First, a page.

Published: Sun, March 22, 2020
Markets | By Otis Pena

Russia Won’t Blink First In The Oil Price War

Russia Won’t Blink First In The Oil Price War

Citing statistics, on Friday's (March 20th) market wrap up, United Kingdom crude futures' prices were plunged 5.2 per cent to settle down at $26.98 per barrel, while the US West Texas Intermediate crude oil futures' scheduled to be expired on April, tumbled as much as 10.7 per cent to wind up the day at $22.53 a barrel.

Oil prices have lost more than half their value in the past two weeks as Saudi Arabia and Russian Federation kicked off a price war and the coronavirus pandemic destroyed demand.

Notably, US Shale requires crude oil prices to charter above $40 per barrel to stay profitable and Saudi needs a crude oil price above $30 per barrel, while Russian crude drillers could cope up with a $25-$30 per barrel crude oil prices to garner in the greens, an industry analysts' poll had revealed earlier this year.

The hard part to predict will be the psychology of MBS and Putin - two very strong personalities who can not back down without a clear, agreed-upon path that makes it look like they both won in different ways. But "if we can help (Trump) get a deal done, then I think that's when we do something".

Texas Railroad Commissioner Ryan Sitton said Friday he was invited by OPEC Secretary General Mohammad Barkindo to attend the group's summer meeting in Vienna.

Current COVID-19 Vaccine Efforts
If the pathogenic strain is also circulating in the animals from whom we contracted it, then there is a chance of re-transmission. The outbreak of severe acute respiratory syndrome (SARS) that China experienced in 2003 was already caused by a corona virus.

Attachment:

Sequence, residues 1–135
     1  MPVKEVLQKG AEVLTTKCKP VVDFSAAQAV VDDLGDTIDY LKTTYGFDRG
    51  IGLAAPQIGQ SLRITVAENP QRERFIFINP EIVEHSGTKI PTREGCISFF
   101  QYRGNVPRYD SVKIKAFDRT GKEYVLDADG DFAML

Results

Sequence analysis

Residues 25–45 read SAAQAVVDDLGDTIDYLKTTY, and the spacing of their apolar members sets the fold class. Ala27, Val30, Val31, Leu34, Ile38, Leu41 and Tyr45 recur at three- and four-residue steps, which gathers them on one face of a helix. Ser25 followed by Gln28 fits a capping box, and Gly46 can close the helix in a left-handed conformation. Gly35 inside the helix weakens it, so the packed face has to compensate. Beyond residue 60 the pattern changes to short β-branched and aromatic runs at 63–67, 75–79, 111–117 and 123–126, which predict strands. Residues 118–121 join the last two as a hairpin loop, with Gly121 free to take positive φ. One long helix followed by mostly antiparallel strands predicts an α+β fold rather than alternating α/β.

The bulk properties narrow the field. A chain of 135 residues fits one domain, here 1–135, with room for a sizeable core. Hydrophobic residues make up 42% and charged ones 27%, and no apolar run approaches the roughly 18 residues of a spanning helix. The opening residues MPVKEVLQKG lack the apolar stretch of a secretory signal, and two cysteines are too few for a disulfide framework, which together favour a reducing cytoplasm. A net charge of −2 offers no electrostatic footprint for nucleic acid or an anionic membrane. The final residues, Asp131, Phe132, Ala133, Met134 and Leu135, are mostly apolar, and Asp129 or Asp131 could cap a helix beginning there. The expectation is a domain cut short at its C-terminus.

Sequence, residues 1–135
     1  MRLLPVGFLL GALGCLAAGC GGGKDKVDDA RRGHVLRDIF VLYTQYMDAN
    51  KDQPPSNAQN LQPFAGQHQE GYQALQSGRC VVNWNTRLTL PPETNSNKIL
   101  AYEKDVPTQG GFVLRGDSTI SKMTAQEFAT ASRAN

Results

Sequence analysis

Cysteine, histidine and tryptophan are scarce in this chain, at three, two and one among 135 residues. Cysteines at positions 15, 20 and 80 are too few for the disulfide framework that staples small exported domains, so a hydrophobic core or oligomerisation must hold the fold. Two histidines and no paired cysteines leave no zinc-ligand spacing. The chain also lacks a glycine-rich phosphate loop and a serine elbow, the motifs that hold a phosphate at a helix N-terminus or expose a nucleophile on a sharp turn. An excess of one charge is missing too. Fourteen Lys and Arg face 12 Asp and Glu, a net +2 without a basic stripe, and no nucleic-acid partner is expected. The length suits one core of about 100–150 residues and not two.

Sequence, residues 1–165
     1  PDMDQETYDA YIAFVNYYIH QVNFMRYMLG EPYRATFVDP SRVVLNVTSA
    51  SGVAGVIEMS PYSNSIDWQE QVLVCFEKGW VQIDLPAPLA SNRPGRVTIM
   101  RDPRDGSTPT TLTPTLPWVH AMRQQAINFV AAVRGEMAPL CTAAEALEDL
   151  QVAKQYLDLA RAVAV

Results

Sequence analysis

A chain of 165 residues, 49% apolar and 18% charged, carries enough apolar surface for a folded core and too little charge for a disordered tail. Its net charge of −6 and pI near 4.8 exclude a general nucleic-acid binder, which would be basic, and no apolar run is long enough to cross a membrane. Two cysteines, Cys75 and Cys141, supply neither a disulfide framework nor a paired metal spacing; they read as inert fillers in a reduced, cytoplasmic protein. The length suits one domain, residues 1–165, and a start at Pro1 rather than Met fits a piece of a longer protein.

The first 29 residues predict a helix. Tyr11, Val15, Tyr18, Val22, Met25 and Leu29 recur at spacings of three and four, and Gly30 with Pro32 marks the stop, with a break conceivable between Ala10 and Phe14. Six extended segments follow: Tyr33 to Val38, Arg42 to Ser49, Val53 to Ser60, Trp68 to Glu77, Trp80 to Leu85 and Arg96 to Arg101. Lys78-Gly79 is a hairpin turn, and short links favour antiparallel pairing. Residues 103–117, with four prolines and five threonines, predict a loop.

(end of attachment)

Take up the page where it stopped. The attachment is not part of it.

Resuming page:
A senior State Department official said the federal government does not have the ability to restrict the Texas regulator from any work with OPEC to cut production.

Some US industry representatives were skeptical that Texas should intervene in the market.

The biggest fuels pipeline connecting the U.S. Gulf Coast oil refining hub with buyers on America's East Coast - including Atlanta, Philadelphia and NY - is reducing flows by 20% due to lack of demand. "Quotas are bad", said Mr Frank Macchiarola, senior vice-president of policy, economics and regulatory affairs at the American Petroleum Institute. "There's no reason during this time to try to imitate OPEC".

Saudi Arabia has ordered state-run Aramco to keep output at a record high of 12.3 million barrels a day over the coming months, but in a surprise move Thursday, both the kingdom and Iraq cut the rebates on freight costs they give to customers, effectively lifting prices.

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